In other words, if you’ll forgive a rather poor word choice, the Holy Ghost and truth can become—boring. Boring only in the sense that he no longer has to wow! us with the revelation that the Book of Mormon is true! or Jesus is our Savior! or God loves us! Because you know—you know—these things are true. And so the Holy Ghost is like touch. When you stop to think about it, very normal, “boring” things are utterly wonderful. Your head upon a pillow, the sun upon your face, your wife’s hair between your fingers. And testimony is the same.

Even when your faith is so bound to you, so bound to your being that you cannot separate your faith from your identity, when you stop to notice it, how wonderful. So take the time as the years pass to recognize your faith as the miracle it is. And give thanks for this gift you have received—that you are about to receive—the gift of the Holy Ghost.

One caveat. Although the Holy Ghost’s presence in our lives can and should be defining, we should still remember to nurture our faith. Harold B. Lee—prophet back in the Seventies—said that testimonies are fragile as a moonbeam and need to be recaptured every day.

We have a choice every moment whether to allow the Spirit to dwell with us or to drive him away.

This is an exciting time. You and the Spirit are about to get better acquainted. You’ll learn more about how he communicates with you. And there is nothing boring about this. There is nothing boring about being close to God. It is the most exciting thing in life. And if something so exciting can be an everyday part of life?

How wonderful.

Growing close to God is a lifelong process. And now you’ll have the Holy Ghost as your partner. As you pray, expect to receive. Because you will receive.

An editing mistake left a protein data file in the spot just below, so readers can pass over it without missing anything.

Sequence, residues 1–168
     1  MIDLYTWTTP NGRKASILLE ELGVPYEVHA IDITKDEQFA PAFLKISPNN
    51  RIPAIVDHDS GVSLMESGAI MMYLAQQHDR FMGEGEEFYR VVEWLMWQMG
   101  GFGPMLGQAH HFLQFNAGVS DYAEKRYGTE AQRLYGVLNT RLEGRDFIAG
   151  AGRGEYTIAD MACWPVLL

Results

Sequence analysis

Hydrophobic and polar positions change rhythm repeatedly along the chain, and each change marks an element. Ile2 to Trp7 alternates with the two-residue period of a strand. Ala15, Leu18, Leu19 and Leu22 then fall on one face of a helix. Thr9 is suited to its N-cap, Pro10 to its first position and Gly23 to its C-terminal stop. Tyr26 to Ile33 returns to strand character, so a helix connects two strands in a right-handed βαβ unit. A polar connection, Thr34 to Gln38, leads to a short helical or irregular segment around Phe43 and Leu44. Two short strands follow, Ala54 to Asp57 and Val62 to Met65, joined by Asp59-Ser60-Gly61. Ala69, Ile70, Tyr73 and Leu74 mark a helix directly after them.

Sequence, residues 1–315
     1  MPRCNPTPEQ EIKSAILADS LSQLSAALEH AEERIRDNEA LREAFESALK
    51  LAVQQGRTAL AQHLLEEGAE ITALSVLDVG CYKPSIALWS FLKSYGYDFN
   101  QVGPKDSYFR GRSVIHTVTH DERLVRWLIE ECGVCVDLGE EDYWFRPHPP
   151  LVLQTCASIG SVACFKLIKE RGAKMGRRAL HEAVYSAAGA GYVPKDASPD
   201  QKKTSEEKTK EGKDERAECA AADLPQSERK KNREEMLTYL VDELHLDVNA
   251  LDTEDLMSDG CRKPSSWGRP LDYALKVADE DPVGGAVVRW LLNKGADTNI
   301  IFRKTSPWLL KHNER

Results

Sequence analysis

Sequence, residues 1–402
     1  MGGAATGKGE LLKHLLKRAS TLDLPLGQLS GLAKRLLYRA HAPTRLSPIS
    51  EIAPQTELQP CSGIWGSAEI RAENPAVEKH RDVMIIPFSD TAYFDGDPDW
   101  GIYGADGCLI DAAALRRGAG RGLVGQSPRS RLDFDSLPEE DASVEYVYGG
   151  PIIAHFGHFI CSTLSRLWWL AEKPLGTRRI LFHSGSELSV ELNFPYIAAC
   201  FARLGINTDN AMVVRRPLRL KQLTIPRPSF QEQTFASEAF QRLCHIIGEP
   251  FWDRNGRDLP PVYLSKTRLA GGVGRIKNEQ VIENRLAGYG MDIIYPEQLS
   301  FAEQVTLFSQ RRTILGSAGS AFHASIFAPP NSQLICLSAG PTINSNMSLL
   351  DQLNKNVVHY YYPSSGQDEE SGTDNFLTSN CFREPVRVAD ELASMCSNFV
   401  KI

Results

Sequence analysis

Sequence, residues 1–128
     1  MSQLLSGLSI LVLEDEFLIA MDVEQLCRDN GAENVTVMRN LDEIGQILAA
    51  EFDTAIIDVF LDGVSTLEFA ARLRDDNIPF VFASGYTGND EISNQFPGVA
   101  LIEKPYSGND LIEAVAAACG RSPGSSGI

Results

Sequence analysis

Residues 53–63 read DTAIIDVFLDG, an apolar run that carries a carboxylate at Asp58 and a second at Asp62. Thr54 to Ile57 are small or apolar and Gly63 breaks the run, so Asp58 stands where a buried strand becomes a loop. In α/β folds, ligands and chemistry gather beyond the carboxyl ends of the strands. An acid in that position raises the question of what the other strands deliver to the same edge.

You have the Gift of the Holy Ghost.

last week's svithe


  1. Absolutely lovely: clear and direct.

    Off-svithe: I read "The Widower" on Friday while waiting in a doctor's office. I really enjoyed your exploration of the guilt and loneliness a person in that situation must suffer. You've got transparent style (my highest compliment) and a great sense of pacing.

  2. I agree on the pacing. This whole transparent style thing, though, drives me crazy. Assuming you mean the same thing I do by transparent style, of course.

  3. .

    Hey! I got an idea! Let's define transparency!

  4. I'd be interested to hear what conclusions you come to. I'm not familiar with the term.

  5. To me, transparency means that the author's voice doesn't get in the way of the story. Writing is untransparent when it has lots of little hitches that make you stop and re-read to figure out what the author meant, or when it's full of editorializing and moralizing instead of actual story. Basically, anything the author does that distracts me from the world they've created makes writing untransparent. Conversely, if I feel immersed in a story, I would say it's written in a transparent style.